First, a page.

- Our downtown deteriorated because business “x” left the city.
- Our downtown deteriorated because industry “y” left the city.
- Our downtown deteriorated because manufacturing left the city; if you prefer the buzzword—deindustrialization.
- Our downtown deteriorated because of suburbanization. (Ooh, another ominous buzzword. Surely, that’s the culprit!) (Sorry to to bust your bubble, but the modern suburb has been around since the early 19th century.)
Instead of taking responsibility for and learning from its planning and decisions, your city hall and its enablers sometimes like to make excuses; they love to pass the buck. That way, city hall is never responsible for its role.
The remedy: “Stop trying to improve hindsight. Sharpen up your foresight instead.” (Schwartz)
So, here’s some foresight to sharpen:
1) The ad hoc, weak-kneed approach to building outdoor and indoor malls while ignoring a city’s layout invites problems. We must not build malls (or anything for that matter) just to fill an empty space. Rather, let’s ask how does a potential location for an indoor or outdoor mall affect the city’s layout as a whole? And, what is the degree of legitimate need?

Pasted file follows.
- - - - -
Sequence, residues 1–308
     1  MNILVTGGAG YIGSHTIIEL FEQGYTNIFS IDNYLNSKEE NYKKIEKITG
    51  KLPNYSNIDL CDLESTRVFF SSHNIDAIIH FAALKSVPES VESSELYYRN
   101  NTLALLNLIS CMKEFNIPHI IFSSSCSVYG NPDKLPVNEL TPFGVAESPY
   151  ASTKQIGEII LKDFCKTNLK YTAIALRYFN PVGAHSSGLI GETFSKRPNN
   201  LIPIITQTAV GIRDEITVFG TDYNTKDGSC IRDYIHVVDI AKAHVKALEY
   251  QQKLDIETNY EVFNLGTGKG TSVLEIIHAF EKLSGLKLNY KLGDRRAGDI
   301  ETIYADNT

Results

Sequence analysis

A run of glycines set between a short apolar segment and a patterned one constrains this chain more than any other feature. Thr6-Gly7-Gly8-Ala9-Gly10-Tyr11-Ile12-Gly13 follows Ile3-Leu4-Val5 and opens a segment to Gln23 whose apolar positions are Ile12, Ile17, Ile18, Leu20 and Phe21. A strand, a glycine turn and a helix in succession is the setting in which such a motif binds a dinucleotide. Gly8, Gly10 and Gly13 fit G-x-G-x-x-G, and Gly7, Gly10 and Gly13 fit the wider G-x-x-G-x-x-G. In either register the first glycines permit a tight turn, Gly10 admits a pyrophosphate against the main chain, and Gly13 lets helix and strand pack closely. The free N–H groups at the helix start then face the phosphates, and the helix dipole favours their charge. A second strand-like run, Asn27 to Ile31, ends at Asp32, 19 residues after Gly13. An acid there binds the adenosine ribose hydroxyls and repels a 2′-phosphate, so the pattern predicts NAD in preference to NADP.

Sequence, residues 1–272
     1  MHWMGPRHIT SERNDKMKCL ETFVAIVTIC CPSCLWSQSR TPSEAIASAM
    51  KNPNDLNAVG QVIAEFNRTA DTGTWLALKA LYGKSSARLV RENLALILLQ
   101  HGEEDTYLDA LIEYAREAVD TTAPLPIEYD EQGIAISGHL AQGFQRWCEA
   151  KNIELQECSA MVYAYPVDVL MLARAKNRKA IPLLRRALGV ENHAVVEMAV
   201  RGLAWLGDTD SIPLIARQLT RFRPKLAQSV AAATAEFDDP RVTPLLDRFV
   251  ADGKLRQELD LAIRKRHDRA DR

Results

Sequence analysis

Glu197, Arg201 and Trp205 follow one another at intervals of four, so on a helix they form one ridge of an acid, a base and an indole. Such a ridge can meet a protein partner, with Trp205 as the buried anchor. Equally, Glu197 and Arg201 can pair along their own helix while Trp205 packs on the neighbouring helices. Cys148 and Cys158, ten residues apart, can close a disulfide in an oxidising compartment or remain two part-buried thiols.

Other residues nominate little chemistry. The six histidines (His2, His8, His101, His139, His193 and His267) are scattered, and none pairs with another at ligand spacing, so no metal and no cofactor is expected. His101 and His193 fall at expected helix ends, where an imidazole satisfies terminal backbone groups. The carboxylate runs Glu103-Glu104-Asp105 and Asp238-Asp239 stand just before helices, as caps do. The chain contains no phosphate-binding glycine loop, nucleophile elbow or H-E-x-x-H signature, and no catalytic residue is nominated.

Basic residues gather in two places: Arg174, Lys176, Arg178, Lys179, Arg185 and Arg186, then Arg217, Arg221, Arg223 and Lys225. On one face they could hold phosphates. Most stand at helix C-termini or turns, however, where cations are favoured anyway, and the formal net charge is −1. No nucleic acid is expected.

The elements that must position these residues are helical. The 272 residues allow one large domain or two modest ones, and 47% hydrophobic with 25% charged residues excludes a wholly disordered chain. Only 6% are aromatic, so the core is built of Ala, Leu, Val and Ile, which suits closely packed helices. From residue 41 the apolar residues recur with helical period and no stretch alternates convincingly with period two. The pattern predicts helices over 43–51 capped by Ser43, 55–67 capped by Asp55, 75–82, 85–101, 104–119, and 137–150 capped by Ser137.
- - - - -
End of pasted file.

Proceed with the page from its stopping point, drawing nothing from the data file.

2) If existing buildings are well built and largely free of hazardous materials, then let’s use them before building new ones.
3) Are we relying too much on one industry? As responsible corporate citizens, what is the private sector doing to provide a variety of jobs?
4) The wholesale hand-out of our downtown to any one industry (public or private sector) does not a great city make.
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